The North American nation has vast potential, yet underperforms on the global stage
Canada rarely makes the global news. When it does, it is often in reference to the exploits of Canadian entertainers — Justin Bieber, Céline Dion and Drake. For a country of about 40mn people, roughly the population of California, that is not a bad return on celebrity icons. But while the country may exceed expectations in the pop and rap arena, it underwhelms on the international economic stage, relative to its vast potential.
By land mass it is the second-largest country in the world, with the longest coastline. Bookended by the vast Pacific and Atlantic oceans it has enormous trading advantages, alongside access to the largely untapped Arctic to its north. It is a net energy exporter; it has the third-largest proven oil reserves and is the fifth-largest producer of natural gas — but it also boasts large deposits of critical minerals vital to the green energy transition. And, of course, it borders the world’s largest economy.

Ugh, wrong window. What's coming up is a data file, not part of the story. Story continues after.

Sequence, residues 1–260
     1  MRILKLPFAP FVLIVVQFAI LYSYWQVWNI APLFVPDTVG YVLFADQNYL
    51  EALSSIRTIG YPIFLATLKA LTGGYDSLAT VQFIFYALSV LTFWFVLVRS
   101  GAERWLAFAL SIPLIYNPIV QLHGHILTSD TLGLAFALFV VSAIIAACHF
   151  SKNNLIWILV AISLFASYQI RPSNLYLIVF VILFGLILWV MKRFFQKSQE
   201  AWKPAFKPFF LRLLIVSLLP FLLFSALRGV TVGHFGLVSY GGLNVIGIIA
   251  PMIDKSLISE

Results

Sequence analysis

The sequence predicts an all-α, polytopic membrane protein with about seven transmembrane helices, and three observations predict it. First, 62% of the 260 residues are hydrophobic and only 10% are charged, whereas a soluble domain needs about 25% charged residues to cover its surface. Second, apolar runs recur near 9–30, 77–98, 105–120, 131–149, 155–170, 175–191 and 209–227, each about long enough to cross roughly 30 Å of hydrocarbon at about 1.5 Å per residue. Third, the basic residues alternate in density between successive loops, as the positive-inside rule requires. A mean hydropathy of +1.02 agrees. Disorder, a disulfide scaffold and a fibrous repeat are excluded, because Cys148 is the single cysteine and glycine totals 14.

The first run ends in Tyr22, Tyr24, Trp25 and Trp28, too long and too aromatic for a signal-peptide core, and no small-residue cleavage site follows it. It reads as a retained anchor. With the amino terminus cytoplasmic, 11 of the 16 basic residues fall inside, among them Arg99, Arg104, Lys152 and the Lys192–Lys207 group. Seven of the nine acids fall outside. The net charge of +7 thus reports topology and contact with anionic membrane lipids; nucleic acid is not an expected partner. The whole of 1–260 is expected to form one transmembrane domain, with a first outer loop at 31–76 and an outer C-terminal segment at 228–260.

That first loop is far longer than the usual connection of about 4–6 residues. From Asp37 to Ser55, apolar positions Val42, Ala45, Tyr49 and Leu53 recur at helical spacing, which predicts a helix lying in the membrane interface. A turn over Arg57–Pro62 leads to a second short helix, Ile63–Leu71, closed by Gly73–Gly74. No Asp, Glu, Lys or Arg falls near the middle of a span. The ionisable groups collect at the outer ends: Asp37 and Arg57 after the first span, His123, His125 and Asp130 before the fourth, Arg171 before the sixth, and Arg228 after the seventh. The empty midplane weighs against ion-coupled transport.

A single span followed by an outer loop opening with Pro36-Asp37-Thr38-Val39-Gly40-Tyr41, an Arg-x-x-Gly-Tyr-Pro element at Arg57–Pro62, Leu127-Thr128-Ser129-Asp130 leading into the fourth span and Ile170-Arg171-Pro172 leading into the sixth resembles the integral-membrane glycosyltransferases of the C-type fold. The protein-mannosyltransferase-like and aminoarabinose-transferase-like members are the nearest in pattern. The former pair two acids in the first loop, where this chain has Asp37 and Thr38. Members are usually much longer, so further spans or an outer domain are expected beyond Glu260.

By any measure, Canada’s geography suggests it could be an economic powerhouse. But few ever talk about it in such terms. By purchasing power parity, its economy is ranked 15th globally by size, behind the likes of Turkey, Italy and Mexico. The OECD has forecast Canadian per capita gross domestic product growth up to 2060 to be the lowest among advanced nations.
Canada boomed at the turn of the 20th century. Settlements grew, industrialisation was in full swing, investment rolled in from the UK and US. In 1904 Wilfrid Laurier, then prime minister, predicted “the 20th century shall be the century of Canada and Canadian development”.
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